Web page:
Normally this would conclude my reasons and the appeal would be dismissed, with costs. However, the Appellant asks the Court to raise the assessment to $414,617, which increases the appealed assessment by $201,545 and that I should direct the Minister of National Revenue to provide to the Appellant a credit of $201,545.
 When I questioned the Appellant on the basis that if I should decide that a direction by me to the Minister to give the Appellant the claimed credit was beyond the Court's jurisdiction, the Appellant stated she wanted the assessment raised in any event.
Because of his earlier factual finding, Teskey J. declined to comment on the Court’s jurisdiction to increase a reassessment on request. On appeal, Sharlow J.A. wrote:
 […] [T]he Tax Court Judge found as a fact that no tax had been withheld. The record discloses no error in that finding of fact.
 However, it does not follow that this appeal should be dismissed. The difficulty with the judgment under appeal is that Parliament has not given the Tax Court the authority to determine the issue that Ms. Boucher sought to have determined, which was whether or not tax had been withheld at source so that it should be credited against her tax liability.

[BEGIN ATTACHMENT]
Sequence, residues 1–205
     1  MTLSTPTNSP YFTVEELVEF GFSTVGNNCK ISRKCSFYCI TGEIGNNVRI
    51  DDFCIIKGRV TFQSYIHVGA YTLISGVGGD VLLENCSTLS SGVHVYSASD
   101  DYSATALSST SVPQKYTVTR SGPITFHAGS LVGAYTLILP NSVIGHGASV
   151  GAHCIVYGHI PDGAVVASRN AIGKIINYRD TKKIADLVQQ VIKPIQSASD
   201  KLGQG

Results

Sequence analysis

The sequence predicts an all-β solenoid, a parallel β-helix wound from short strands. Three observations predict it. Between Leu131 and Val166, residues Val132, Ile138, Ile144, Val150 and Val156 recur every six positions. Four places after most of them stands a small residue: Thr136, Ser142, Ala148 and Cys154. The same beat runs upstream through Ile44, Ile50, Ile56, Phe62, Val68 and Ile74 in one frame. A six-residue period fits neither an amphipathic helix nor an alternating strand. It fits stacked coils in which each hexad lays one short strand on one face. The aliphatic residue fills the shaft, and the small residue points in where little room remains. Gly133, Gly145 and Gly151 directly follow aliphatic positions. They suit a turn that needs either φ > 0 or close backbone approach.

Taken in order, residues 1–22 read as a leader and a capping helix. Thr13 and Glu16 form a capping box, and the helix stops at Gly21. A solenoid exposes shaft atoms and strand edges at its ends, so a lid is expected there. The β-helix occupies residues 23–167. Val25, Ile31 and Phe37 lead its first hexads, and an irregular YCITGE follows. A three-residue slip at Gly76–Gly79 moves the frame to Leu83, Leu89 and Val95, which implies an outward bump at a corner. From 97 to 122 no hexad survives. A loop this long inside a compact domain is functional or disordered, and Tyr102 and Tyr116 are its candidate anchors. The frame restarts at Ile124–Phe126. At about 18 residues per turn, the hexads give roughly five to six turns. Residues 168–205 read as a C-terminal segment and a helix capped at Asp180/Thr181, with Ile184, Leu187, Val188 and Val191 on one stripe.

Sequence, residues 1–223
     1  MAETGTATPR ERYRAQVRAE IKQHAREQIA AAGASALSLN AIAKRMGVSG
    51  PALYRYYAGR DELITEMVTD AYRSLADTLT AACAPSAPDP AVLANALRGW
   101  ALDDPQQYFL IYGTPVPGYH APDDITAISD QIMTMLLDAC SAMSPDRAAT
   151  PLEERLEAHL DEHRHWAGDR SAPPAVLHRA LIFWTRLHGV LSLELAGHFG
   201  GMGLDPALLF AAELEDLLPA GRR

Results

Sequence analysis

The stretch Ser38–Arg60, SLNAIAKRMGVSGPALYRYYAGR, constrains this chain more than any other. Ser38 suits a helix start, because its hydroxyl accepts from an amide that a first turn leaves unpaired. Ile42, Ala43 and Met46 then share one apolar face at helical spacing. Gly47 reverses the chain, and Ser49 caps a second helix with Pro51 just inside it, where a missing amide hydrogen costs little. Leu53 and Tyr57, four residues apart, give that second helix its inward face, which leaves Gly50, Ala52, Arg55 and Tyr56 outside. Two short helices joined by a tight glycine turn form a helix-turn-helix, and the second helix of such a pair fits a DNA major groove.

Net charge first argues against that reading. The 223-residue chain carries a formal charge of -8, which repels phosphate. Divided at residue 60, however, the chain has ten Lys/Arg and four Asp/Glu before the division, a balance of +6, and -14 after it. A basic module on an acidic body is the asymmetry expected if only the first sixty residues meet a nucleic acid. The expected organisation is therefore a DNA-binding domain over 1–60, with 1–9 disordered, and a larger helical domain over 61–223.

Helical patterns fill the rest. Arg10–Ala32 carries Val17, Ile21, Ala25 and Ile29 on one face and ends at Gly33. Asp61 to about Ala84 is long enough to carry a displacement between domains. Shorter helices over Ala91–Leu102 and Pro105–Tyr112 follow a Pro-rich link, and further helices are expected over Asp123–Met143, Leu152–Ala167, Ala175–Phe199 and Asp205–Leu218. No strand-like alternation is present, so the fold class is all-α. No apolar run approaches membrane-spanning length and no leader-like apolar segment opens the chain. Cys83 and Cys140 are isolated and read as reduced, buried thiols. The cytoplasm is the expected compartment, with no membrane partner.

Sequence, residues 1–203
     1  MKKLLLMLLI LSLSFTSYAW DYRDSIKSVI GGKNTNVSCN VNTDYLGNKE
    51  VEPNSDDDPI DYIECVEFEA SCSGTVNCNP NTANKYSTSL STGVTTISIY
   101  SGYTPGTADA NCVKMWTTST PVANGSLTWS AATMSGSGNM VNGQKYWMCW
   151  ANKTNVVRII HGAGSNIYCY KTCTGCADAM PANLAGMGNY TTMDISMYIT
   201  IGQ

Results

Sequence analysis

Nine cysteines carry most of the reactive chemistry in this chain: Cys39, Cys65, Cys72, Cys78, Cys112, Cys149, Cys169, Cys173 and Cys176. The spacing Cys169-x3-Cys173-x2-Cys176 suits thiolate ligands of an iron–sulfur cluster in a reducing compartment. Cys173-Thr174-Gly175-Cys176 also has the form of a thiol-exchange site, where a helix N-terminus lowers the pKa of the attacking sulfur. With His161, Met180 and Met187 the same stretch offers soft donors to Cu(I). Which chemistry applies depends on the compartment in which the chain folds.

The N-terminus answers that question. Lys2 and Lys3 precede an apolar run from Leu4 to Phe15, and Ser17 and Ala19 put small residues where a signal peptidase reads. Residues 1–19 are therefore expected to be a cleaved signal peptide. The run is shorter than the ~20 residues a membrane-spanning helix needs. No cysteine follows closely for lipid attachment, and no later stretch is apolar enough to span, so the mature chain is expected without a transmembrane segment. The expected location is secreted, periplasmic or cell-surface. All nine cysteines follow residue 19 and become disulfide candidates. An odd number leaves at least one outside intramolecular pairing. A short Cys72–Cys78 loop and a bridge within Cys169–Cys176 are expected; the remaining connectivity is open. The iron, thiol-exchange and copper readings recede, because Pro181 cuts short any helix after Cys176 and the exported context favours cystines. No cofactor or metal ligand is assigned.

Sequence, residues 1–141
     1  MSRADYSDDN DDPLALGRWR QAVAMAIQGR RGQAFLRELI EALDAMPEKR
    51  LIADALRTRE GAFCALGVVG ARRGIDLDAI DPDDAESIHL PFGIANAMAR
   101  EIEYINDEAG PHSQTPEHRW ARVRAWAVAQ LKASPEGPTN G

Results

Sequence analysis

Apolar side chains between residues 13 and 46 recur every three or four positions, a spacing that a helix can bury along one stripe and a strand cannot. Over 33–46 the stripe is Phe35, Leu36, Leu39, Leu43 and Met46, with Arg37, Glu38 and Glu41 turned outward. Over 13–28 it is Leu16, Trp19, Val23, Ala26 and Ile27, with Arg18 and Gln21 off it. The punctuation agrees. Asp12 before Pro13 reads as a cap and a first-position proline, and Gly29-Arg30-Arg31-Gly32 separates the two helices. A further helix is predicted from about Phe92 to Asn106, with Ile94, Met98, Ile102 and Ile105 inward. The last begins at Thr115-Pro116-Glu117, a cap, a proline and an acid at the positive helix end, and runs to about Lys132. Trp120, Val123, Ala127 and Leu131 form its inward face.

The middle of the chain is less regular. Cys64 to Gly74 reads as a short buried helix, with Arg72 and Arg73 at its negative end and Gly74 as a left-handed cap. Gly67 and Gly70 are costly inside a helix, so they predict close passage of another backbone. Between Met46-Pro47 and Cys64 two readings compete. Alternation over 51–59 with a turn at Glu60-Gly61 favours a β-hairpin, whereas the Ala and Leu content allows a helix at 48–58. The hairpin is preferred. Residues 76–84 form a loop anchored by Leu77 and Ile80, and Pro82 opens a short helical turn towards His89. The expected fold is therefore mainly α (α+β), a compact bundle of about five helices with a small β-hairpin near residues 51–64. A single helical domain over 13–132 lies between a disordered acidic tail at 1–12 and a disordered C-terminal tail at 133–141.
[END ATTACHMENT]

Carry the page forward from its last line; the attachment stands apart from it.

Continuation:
In my view, Ms. Boucher made the same error as the applicant in Neuhaus v. Canada […]
 Ms. Boucher cannot be faulted for proceeding as she did. There are contradictory decisions in the Tax Court on this very point. Ms. Boucher pointed out that in Suermondt v. Canada, 2001 D.T.C. 5389 (F.C.A.), this Court implicitly accepted that the Tax Court had jurisdiction in cases such as this. However, in the later Neuhaus case (quoted above), this Court indicated that the question of jurisdiction was not raised in Suermondt. The obvious implication is that if the question of jurisdiction had been raised in Suermondt, the result in that case would have been different.
 The Neuhaus and Boucher decisions have been cited for the proposition that the Court does not possess the jurisdiction to determine whether Income Tax Source Deductions have been withheld. As noted by Angers J. in Forrester v. The Queen, at paragraph 17:
Since those two decisions [Neuhaus and Boucher], this Court has consistently held that it does not have jurisdiction to determine whether tax has been withheld at source. See Curwen v. R., 2005 TCC 226 (T.C.C. [Informal Procedure]), Pintendre Autos Inc. c. R., 2003 TCC 818 (T.C.C. [General Procedure]), Surikov v. R., 2008 TCC 161 (T.C.C. [Informal Procedure]) and Welford v. R., 2009 TCC 464 (T.C.C. [General Procedure]).
 Several more recent Tax Court of Canada decisions also follow Neuhaus and Boucher, including Sutcliffe v. The Queen, and McIntosh v. The Queen. In Sutcliffe, Woods J. cited Boucher and wrote at paragraph 10:
The authority over whether source deductions have been taken resides with the Federal Court and not the Tax Court.
 Similarly, in a recent decision of the Federal Court of Appeal, Alciné v. Canada, Noël J.A. made the following statement:
 More specifically, neither the Tax Court of Canada, as a court of original jurisdiction, nor this Court, pursuant to the powers conferred on it by subsection 27(1.2) of the Federal Courts Act, has jurisdiction to address issues related to the collection of tax debts.